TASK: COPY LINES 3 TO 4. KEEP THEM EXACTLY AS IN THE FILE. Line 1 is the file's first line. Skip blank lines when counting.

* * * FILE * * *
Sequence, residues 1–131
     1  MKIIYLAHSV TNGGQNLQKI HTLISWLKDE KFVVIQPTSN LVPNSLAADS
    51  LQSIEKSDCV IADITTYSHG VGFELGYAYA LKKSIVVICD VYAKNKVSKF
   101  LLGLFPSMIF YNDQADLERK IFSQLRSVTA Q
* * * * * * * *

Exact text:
    51  LQSIEKSDCV IADITTYSHG VGFELGYAYA LKKSIVVICD VYAKNKVSKF
   101  LLGLFPSMIF YNDQADLERK IFSQLRSVTA Q